Before the start of business, Just Security provides a curated summary of up-to-the-minute developments at home and abroad. Here’s today’s news.


The Trump administration has not sent a delegation to the Syria peace talks in Kazakhstan because of “the immediate demands of the transition,” the State Department said Saturday. Karen DeYoung reports at the Washington Post.

The Trump administration is in “the very beginning stages” of discussing moving the US embassy in Israel from Tel Aviv to Jerusalem, White House Press Secretary Sean Spicer said yesterday, Ayesha Rascoe and Matt Spetalnick reporting at Reuters.

Israeli Prime Minister Benjamin Netanyahu accepted President Trump’s invitation to visit the White House next month to attempt to forge a “common vision” that may include expanded Israeli settlement construction and a tougher policy toward Iran, Josef Federman reports at the AP.

President Trump and Netanyahu discussed ways to strengthen US-Israeli relations and “threats posed by Iran” in a phonecall Sunday, Rory Jones reports at the Wall Street Journal.

“The rules of the game have changed.” Israel announced plans to build nearly 600 new settlement homes in occupied East Jerusalem just two days after President Trump’s inauguration, Peter Beaumont reports at the Guardian.

The Trump presidency is already affecting Israeli-Palestinian politics, Ian Fisher observes at the New York Times.

Moscow expects to agree a date for the first phone call between President Putin and President Trump soon, Kremlin spokesperson Dmitry Peskov said today. [Reuters]

“Donald Trump is not our man.” Peskov and the Moscow establishment are taking a wait-and-see approach to the new US President on issues such as Ukraine, Syria and bilateral relations, Andrew Roth reports at the Washington Post.

British Prime Minister Theresa May will be the first foreign leader to meet President Trump for talks at the White House when she travels to Washington Friday, Griff White reports at the Washington Post.

May intends to discuss British-US cooperation on terrorism and NATO at the meeting with Trump on Friday, she said yesterday. Kate Allen reports at the Financial Times.

May will also defend free trade with Iran and support for the Iran nuclear deal when she meets President Trump Friday, Reuters reports.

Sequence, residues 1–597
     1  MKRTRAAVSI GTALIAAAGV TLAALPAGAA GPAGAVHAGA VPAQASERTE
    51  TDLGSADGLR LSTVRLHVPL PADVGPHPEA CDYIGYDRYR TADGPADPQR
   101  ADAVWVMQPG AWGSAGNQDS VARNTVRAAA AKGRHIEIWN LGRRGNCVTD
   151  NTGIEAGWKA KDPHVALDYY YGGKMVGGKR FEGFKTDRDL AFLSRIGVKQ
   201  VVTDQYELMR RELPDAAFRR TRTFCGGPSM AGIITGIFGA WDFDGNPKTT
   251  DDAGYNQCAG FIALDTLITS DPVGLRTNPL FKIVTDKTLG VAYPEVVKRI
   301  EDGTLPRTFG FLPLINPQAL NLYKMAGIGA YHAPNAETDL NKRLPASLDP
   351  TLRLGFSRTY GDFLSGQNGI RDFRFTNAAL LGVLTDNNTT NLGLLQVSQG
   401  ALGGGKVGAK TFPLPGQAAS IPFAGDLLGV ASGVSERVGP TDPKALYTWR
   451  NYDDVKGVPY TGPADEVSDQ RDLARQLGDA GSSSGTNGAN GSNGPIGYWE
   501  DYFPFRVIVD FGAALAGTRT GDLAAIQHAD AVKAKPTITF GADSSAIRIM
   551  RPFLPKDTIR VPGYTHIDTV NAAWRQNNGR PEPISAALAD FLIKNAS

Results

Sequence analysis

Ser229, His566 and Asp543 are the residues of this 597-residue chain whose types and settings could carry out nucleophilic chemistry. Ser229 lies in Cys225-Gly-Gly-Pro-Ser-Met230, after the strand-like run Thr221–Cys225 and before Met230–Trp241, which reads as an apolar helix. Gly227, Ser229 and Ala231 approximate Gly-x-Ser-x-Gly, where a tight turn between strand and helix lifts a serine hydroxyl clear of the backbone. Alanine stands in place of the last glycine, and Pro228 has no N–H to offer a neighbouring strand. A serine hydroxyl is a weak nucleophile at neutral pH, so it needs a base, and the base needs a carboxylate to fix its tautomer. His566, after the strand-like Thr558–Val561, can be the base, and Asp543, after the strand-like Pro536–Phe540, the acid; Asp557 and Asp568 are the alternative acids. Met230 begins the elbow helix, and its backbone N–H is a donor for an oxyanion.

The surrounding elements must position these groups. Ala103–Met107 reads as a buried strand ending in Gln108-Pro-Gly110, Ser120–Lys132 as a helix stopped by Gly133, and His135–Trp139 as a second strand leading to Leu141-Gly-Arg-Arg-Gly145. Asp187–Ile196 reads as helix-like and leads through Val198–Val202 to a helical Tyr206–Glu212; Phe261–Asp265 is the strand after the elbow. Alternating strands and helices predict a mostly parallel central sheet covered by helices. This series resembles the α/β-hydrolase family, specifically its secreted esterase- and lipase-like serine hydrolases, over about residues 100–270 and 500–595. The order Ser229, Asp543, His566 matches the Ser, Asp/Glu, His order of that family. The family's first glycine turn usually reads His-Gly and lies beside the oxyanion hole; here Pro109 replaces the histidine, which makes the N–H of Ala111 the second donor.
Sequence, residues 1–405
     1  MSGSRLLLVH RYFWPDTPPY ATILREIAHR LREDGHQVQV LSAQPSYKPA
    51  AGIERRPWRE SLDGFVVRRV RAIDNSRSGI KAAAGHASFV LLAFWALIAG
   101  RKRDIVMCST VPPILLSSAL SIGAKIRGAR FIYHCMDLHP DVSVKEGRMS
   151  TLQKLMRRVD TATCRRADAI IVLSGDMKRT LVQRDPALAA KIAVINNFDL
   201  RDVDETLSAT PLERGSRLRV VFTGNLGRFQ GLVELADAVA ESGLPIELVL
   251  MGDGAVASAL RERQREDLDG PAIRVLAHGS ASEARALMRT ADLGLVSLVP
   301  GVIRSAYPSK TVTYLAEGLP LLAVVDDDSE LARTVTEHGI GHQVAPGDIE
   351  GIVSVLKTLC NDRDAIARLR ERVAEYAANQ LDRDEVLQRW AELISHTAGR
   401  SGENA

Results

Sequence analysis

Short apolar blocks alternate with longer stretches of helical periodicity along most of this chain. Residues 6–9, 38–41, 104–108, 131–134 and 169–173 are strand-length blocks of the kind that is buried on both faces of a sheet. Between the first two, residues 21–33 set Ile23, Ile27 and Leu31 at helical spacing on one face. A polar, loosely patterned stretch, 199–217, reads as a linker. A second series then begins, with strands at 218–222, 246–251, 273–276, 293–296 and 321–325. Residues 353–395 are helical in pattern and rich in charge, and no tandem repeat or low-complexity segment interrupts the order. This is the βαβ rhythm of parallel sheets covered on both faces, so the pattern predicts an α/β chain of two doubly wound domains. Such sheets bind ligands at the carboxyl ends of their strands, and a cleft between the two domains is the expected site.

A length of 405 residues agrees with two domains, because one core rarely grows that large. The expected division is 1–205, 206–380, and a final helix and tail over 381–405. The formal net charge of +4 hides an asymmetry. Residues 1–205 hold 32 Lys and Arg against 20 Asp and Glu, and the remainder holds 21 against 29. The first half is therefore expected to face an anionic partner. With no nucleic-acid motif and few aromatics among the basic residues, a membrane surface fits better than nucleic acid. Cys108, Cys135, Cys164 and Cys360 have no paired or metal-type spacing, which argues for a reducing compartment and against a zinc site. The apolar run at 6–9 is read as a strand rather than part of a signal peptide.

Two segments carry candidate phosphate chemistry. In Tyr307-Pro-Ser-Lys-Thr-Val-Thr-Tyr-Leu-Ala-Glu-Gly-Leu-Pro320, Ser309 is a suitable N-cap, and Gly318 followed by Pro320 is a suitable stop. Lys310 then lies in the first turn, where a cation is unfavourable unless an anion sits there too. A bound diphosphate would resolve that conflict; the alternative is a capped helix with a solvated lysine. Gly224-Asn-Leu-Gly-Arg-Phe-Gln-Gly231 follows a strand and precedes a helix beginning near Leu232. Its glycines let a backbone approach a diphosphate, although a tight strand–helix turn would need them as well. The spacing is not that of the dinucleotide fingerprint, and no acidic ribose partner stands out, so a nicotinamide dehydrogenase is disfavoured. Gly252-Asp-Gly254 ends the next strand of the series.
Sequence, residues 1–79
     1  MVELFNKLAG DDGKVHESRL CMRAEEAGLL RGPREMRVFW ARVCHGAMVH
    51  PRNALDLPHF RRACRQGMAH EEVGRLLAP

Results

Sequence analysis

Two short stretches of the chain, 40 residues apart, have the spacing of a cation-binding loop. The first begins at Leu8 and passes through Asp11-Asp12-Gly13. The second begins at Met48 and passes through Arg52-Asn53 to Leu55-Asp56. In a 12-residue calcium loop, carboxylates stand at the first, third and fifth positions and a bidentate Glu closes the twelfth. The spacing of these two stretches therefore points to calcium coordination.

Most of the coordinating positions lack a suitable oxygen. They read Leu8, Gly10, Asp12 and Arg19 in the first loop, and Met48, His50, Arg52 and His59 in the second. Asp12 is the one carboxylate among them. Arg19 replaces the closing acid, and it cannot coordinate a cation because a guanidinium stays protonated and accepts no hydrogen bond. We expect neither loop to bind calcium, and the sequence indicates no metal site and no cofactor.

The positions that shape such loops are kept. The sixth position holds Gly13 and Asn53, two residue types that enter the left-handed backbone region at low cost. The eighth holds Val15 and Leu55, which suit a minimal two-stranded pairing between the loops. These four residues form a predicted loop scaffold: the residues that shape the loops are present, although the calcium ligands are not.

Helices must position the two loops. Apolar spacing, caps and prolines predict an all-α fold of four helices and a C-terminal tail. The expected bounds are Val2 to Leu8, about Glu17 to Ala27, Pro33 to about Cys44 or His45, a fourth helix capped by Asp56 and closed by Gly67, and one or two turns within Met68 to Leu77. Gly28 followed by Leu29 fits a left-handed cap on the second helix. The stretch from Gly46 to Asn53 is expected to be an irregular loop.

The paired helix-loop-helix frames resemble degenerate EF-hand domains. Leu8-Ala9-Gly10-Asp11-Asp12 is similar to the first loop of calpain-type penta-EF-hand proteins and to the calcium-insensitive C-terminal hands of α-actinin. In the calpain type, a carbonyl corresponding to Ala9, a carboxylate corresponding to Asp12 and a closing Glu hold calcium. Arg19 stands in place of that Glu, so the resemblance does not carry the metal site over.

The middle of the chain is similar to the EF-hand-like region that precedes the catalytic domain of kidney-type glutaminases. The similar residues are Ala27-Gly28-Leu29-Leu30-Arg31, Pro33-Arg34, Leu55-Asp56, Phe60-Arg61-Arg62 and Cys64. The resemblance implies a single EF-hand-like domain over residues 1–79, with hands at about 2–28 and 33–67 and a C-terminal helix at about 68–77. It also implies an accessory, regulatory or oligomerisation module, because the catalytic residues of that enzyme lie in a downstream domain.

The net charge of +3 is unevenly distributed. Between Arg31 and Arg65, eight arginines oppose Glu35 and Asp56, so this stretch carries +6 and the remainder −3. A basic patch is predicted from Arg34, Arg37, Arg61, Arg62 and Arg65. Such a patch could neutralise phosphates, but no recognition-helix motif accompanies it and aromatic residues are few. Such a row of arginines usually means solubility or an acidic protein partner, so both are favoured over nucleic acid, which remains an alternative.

Trump will start meeting his counterparts across the globe now that he is getting to work as President, CNN’s Joshua Berlinger discussing some of the encounters where it would be “fascinating to be a fly on the wall,” including those with NATO leaders, the UK and China.

A lawsuit alleging that President Trump is violating a constitutional ban on accepting payments from foreign governments will be filed by legal watchdog Citizens for Responsibility and Ethics in Washington, the BBC reports.

“America first!” Three reasons why Europe was alarmed by Trump’s inaugural address are discussed by Carl Bildt at the Washington Post.

Trump may find his room for maneuver in the Middle East constrained by the increased influence of Russia and Iran in the region, Liz Sly writes at the Washington Post.

The idea that Trump’s often twitter-based foreign policy declarations are all tending toward sensible bargains is comforting, but raises two problems: the deals he has been hinting at are “wildly unrealistic,” and trying to drive them could be dangerous as well as futile, writes Jackson Diehl at the Washington Post.

“Does President Trump have a foreign policy doctrine?” Asks Ishaan Tharoor at the Washington Post.

Counterterrorism cooperation with Russia is a bad idea, the kind of relationship President Trump proposes having the potential to seriously undermine the US’s counterterrorism progress and destroy its relationship with Sunni Muslims worldwide, warns Daniel Benjamin at the New York Times.

Defending imprisoned dissidents, journalists, political opponents and stigmatized minorities via international human rights architecture will be a great deal harder under President Trump, writes Natalie Nougayrède at the Guardian.


Republicans will secure the votes needed to confirm President Trump’s entire Cabinet, Senate Majority Leader Mitch McConnell predicted last night, Connor O’Brien reporting at POLITICO.

National security adviser Michael T. Flynn is assembling the most military-heavy National Security Council staff of the modern era, and observers are concerned, Josh Rogin reports at the Washington Post.

CIA head pick Mike Pompeo would consider bringing back waterboarding and other forms of torture under certain circumstances, he told Congress in a series of written responses to questions from the Senate intelligence committee, Ryan Browne reports at CNN.

Pompeo’s admission leaves Senate Democrats in the position of having to choose between letting Trump fill a key national-security post and support for basic human rights, writes Zaid Jilani at The Intercept.

Secretary of state nominee Rex Tillerson would review Colombia’s recent peace deal to determine how much the US should continue to support it, he said in a written response to Senate Foreign Relations Committee questions, Joshua Goodman reports at the AP.

Sens. John McCaine and Lindsey Graham said they would back secretary of state nominee Rex Tillerson yesterday, POLITICO’s Burgess Everett reports.

Sen. Marco Rubio is still holding out on Tillerson, Karoun Demirjian and Sean Sullivan discussing whether he will defy President Trump on his pick for secretary of state at the Washington Post.


Turkey-Russia brokered Syria peace talks got underway in Kazakhstan today, the first face-to-face meeting between the Assad regime and rebels fighting to overthrow it, Philip Issa reports at the AP.